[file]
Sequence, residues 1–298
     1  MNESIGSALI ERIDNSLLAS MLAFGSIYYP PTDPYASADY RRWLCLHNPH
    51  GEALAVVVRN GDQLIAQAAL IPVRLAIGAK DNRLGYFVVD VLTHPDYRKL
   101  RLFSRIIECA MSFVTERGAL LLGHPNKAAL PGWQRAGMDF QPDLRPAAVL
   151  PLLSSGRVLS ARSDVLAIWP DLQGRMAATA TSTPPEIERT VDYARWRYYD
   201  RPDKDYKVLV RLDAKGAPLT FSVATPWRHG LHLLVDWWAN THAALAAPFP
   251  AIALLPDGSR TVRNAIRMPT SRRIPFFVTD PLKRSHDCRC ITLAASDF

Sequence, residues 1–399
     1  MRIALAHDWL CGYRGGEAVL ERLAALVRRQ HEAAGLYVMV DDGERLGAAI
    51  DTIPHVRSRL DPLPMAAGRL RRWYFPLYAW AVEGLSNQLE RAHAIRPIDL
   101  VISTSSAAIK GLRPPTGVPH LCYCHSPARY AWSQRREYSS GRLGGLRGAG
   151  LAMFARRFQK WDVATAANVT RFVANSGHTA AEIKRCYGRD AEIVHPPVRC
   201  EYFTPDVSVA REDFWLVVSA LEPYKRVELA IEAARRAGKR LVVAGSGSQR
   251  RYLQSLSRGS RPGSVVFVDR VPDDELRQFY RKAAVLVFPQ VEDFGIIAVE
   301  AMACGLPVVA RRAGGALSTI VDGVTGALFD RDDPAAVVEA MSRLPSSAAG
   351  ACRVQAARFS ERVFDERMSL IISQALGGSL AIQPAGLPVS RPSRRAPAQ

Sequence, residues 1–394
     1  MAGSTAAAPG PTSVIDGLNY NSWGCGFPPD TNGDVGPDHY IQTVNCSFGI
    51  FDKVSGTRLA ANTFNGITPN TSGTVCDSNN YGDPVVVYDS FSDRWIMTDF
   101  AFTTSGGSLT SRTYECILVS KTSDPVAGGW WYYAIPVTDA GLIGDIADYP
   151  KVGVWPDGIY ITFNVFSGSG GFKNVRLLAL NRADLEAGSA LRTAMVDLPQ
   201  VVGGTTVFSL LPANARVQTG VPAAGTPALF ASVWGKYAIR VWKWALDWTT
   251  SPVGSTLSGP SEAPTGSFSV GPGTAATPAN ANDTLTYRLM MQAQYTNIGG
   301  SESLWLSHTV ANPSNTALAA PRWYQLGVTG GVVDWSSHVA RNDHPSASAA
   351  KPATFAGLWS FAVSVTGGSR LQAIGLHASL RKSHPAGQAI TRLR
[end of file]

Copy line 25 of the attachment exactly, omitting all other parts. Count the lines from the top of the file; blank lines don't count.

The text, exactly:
   351  KPATFAGLWS FAVSVTGGSR LQAIGLHASL RKSHPAGQAI TRLR